The court order was to cease his flourishing hemp farms on our reservation. This court decision is an affirmation our Navajo culture through tradition. It is still alive and well.

Strong is our human spirit as it demands social justice and equality, and if the right people are within the system it works. Same as with our ancestral past, our perseverance to live through the storm moves us into the present.

Besides court witnesses, Judge Genevieve Woody’s dominant voice granted peace and quiet back into the interrupted and chaotic lives of affected community members.

Yes, there are still some that arrogantly and ignorantly cling to their fears and fantasies of fate, to get-rich quick fixes from supposedly “hemp” farming. It is with great hope Judge Woody’s court ruling maintains our Navajo perspective and restores tranquility in our society. Not only from her ruling, but there were numerous women on the frontlines making a difference with this hemp case, as well as the pandemic.

To acknowledge a few, Navajo Times reporter, Ms. Arlyssa Becenti; Times intern photographer, Ms. Sharon Chischilly; including protester, Ms. Beatrice Redfeather; and all those who worked in the background.

Our society is based on and is traced back through the female lineage. This clearly defines woman as matriarch standing from the sunrise to bestow identity to one that stands in the center.

They are the life-givers to our society. It has been and will always be with their accord to continue our existence as a people.

As understood, the court issue was not about whether hemp, or covertly, marijuana was good or bad. It also had nothing to do with jobs, economic development, or self-reliance assertions.

As an example, it did not even concern itself with the testimony of one persuaded worker to quit booze and slave on the alleged hemp farms. Mr. Benally’s surreptitious encroachment undertakings further devastated lives, health, and well-being of citizens and our environment.

Mr. Benally used the pandemic as cover and as his alleged hemp farms evolved and immigrant intrusions increased, friction of relationships heated and got louder. His forceful intrusions onto farmlands of the deceased secured more realty for his incoming labor immigrants.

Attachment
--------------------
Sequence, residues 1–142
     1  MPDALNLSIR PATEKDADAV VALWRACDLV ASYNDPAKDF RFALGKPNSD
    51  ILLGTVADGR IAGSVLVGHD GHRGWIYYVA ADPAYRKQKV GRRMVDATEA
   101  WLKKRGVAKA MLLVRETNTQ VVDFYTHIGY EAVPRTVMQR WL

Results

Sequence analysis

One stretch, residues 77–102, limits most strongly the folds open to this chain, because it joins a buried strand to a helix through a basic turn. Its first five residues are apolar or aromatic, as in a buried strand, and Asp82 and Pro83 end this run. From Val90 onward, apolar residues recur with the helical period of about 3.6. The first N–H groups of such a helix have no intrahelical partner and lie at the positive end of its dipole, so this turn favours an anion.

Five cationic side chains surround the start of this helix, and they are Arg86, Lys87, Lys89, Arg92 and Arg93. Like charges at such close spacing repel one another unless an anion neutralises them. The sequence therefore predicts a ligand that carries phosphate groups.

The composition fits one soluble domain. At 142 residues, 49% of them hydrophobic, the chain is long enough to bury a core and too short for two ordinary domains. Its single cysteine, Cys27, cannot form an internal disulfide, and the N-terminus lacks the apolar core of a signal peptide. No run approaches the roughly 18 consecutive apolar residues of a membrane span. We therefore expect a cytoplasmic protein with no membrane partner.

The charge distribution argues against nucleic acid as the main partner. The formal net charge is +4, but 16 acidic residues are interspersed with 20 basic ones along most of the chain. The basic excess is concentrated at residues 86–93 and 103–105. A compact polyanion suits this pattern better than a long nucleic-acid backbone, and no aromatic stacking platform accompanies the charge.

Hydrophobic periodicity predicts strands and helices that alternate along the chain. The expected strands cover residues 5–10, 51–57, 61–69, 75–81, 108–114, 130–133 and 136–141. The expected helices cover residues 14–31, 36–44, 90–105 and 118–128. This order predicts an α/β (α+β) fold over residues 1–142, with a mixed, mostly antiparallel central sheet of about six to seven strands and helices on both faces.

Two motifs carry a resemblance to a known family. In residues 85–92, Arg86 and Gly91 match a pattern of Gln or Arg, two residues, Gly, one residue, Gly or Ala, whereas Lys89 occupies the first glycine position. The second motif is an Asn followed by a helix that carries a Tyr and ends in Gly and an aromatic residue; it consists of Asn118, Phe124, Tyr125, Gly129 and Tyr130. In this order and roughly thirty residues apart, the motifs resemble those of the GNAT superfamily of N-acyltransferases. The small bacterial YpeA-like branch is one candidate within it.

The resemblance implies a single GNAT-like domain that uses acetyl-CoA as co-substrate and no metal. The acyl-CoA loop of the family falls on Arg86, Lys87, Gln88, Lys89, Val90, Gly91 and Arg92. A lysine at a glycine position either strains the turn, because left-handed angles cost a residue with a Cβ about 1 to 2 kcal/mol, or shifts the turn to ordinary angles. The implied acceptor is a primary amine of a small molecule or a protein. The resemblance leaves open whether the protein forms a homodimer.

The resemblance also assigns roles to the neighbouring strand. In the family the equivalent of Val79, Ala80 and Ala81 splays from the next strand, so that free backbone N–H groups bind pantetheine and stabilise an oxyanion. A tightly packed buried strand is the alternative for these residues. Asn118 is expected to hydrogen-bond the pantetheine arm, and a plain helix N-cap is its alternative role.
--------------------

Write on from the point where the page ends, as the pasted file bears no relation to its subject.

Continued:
The gestures of Mr. Benally state he has no reverence nor consideration for our Navajo culture and tradition, including Mother Earth. His arrogant bullying approach only shows he has no regard for human life or property, as he desperately attempts the quickest way possible to fill an emptiness within, which contributes to his downfall.

Common sense dictates, here on our reservation, just because there are no codes or regulations on hemp on the rulebooks do not mean it is legal to do whatever one pleases. All it means is such venture and crime are non-existent at the time or have not yet happened. Therefore, no information on regulations and remedy nor prevention.

Then there is no money to pay for the common good as with social infrastructures. For a public servant to abuse his authority whereby uses political maneuvers that bypasses implementing a firm foundation of a business venture with valid documents and paid fees only violates and squanders public trust.

And society, especially Uncle Sam, does not like being cheated out of benefits of their fair share of assets (fees, charges, taxes) through no rules, no regulations, and quick-rich schemes. Nevertheless, these are the signs of the times and it simply constitutes — greed.

From myth to reality, it seems the resolve of the court is to trace the problem back to its origin, where always hungry “ma’ii” is caught in the act with his bag of tricks and excuses. Thereafter, she took into account the cause-and-effect experience and to follow-the-money. The intuitive court decision rendered by Judge Woody was done with simplicity and pure insight. It conveys intelligence and conviction of matriarchs within our social system of culture and tradition.

Robert L. Hosteen
Beclabito, N.M.

The post Letters: Chaco fracking is environmental racism appeared first on Navajo Times.